" By that logic we are responsible for the governments actions in all things, because we support them" YES. THIS. It's what your so-called democracy is supposed to f'ing mean, innit.
How is this automatically "homoerotic"? Girls don't "sip" from "straws"??
...Is a major reason the GPL and free software / open source movements exist. Remember proprietary Unix and its tool support in the 1980s?
If Abbott lost his head? http://www.theguardian.com/wor...
Was practically invented in Scotland - The universities of Edinburgh (and Cambridge too) being home to FP research (and researchers like the late Professor Robin Milner and the very much alive Dr Philip Wadler, https://twitter.com/philipwadl... ) that is at least as significant to our industry as Lisp (maybe, eventually, even moreso) - the branch of languages and theory that begat the ML family and begat Haskell.
New submitter NBSCALIDBA writes: Eeva Haaramo reports on Helsinki's ambitious plan to transform city transportation. From on-demand buses to city bikes to Kutsuplus mini-transport vans, the Finnish capital is trying to change the whole concept of getting around in a city. "Under the plan, all these services will be accessed through a single online platform. People will be able to buy their transport in service packages that work like mobile phone tariffs: either as a complete monthly deal or pay as you go options based on individual usage. Any number of companies can use the platform to offer transport packages, and if users find their travel needs change, they'll be able to switch packages or moved to a rival with a better deal."
Apparently it's not "unthinkable".
mpicpp Points out this story about Seattle City Light's anger over negative search results and its inability to get them removed. Seattle's publicly-owned electrical utility, City Light, is now demanding a refund for the $17,500 that it paid to Brand.com in a botched effort to boost the online reputation of its highly-paid chief executive, Jorge Carrasco. Brand.com "enhances online branding and clears negatives by blanketing search results with positive content" in an attempt to counteract unwanted search engine results. City Light signed a contract with the company in October 2013 and extended it in February 2014. The contracts authorized payments of up to $47,500. Hamilton said that he first raised the issue of the utility's online reputation when he was interviewing for the chief of staff job in early 2013. "All I saw were negative stories about storms, outages and pay increases and I raised it as a concern during that interview," he said. "And then after I started, [CEO Jorge Carrasco] and I discussed what we could do to more accurately represent the utility and what the utility is all about, because we didn't feel it was well represented online." Thus, the Brand.com contract. City Light says that it only ever thought Brand.com would help it place legitimate material in legitimate outlets—talking up some of the positive changes that have taken place at City Light during Carrasco's tenure. Instead, it appears to have received mostly bogus blog posts.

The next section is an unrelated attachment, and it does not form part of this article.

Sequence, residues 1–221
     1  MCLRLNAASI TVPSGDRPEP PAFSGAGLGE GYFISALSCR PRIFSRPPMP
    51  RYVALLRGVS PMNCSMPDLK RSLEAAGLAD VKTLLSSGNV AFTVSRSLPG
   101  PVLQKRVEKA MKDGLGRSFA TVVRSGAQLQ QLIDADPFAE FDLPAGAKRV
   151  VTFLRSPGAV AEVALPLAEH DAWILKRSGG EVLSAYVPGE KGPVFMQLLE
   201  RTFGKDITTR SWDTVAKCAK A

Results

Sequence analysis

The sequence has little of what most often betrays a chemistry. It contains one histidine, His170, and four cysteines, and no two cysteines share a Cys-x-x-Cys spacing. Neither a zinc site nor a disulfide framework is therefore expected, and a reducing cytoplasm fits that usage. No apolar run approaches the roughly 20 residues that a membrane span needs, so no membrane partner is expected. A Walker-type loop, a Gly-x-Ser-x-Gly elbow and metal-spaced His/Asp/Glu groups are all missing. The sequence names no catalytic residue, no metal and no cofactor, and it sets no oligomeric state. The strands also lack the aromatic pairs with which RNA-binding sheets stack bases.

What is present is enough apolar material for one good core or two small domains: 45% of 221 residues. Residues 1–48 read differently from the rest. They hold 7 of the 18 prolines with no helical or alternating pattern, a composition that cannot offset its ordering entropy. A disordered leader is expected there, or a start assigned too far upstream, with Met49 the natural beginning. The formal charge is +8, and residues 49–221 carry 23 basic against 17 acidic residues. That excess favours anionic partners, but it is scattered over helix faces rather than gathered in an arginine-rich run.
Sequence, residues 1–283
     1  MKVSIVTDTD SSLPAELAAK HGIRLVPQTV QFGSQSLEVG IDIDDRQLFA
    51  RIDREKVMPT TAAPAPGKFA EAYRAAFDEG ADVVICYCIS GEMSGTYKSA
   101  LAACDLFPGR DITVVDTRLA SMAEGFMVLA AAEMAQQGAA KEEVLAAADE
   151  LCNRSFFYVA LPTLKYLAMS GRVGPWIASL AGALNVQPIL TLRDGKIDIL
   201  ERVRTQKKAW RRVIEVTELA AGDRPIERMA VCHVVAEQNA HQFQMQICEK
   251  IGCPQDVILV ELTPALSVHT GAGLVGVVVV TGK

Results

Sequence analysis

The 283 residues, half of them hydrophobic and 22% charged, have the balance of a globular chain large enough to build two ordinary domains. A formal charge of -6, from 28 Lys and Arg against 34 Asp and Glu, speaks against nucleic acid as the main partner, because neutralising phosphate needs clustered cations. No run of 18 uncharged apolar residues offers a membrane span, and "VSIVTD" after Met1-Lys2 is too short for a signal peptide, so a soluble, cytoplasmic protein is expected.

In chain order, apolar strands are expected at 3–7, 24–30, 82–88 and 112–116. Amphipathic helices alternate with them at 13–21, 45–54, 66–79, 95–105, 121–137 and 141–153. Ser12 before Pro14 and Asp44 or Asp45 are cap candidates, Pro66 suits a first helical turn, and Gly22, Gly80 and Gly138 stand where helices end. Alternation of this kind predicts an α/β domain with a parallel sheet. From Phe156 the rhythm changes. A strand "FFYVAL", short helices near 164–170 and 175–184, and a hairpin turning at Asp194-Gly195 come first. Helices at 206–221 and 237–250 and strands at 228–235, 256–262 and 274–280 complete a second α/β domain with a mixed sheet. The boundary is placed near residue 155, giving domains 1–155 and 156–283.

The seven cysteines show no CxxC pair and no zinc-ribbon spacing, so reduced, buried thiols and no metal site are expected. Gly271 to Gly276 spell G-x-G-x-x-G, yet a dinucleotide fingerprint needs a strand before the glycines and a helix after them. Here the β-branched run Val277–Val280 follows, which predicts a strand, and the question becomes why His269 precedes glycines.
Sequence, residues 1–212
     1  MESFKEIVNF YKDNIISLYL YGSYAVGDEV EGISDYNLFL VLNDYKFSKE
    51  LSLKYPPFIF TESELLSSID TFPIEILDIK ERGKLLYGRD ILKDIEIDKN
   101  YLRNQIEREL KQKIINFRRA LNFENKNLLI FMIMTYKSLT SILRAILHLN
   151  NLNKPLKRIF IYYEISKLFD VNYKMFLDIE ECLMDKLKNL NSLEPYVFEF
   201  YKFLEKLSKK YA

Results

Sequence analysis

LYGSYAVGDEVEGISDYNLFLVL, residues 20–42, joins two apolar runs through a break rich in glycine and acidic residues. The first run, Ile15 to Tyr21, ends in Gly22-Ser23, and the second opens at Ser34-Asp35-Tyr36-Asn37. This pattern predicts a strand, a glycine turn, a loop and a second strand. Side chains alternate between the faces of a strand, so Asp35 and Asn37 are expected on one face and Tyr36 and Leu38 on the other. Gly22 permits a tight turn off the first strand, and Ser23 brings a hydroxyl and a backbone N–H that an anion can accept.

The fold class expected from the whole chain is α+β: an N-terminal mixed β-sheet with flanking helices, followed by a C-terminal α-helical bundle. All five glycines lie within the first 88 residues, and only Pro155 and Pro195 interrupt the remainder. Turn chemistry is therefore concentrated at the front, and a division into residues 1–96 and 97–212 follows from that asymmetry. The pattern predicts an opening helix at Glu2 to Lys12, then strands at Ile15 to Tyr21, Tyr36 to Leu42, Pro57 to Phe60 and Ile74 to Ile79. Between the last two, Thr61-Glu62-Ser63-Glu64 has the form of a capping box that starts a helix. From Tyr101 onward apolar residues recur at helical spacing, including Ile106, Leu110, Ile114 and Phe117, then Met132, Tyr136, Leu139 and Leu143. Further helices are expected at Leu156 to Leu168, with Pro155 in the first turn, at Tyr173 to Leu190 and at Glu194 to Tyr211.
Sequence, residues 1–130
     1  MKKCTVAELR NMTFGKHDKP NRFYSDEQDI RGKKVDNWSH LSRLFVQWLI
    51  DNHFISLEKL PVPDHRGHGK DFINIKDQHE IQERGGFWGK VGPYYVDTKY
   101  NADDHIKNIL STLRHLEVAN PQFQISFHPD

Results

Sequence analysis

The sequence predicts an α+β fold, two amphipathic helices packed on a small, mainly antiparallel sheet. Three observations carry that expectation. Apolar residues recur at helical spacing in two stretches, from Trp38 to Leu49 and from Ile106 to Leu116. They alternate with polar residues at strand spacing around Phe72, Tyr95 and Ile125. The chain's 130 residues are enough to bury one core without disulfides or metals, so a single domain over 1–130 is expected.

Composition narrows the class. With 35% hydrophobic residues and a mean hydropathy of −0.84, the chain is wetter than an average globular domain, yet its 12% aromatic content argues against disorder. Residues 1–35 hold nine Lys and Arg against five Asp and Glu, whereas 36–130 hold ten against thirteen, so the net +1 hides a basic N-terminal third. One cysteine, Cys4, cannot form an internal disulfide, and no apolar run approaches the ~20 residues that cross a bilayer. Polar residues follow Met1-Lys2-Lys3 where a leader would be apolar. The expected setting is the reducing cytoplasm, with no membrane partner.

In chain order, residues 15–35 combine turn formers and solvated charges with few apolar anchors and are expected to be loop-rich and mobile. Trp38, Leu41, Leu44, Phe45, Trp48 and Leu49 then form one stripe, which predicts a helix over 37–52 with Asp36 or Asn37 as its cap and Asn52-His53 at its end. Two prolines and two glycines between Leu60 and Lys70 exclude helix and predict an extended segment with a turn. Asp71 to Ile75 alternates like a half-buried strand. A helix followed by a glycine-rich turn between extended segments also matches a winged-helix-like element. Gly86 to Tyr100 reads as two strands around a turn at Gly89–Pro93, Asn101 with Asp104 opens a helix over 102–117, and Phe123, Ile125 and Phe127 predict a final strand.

Send a copy of the image and the license agreement to a 3rd party on concluding it.
A software RAID implementation like ZFS is superior to hardware RAID (it has a far higher standard of integrity and flexibility designed in), and you can monitor it however you wish. You can run it on cloud services.
Re Hachette: Nice background http://www.hughhowey.com/more-...
Via the HTTP working group list comes a post from Poul-Henning Kamp proposing that HTTP 2.0 (as it exists now) never be released after the plan of adopting Google's SPDY protocol with minor changes revealed flaws that SPDY/HTTP 2.0 will not address. Quoting: "The WG took the prototype SPDY was, before even completing its previous assignment, and wasted a lot of time and effort trying to goldplate over the warts and mistakes in it. And rather than 'ohh, we get HTTP/2.0 almost for free', we found out that there are numerous hard problems that SPDY doesn't even get close to solving, and that we will need to make some simplifications in the evolved HTTP concept if we ever want to solve them. ... Wouldn't we get a better result from taking a much deeper look at the current cryptographic and privacy situation, rather than publish a protocol with a cryptographic band-aid which doesn't solve the problems and gets in the way in many applications ? ... Isn't publishing HTTP/2.0 as a 'place-holder' is just a waste of everybody's time, and a needless code churn, leading to increased risk of security exposures and failure for no significant gains ?"
Now we need to spy on those 121 dissenters to find out what the fuck they were thinking.